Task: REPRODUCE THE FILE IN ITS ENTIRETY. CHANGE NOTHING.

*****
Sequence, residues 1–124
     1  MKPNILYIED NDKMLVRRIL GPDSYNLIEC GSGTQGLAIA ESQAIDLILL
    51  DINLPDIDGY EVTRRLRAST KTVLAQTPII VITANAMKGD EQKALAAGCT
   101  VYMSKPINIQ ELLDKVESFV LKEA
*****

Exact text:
Sequence, residues 1–124
     1  MKPNILYIED NDKMLVRRIL GPDSYNLIEC GSGTQGLAIA ESQAIDLILL
    51  DINLPDIDGY EVTRRLRAST KTVLAQTPII VITANAMKGD EQKALAAGCT
   101  VYMSKPINIQ ELLDKVESFV LKEA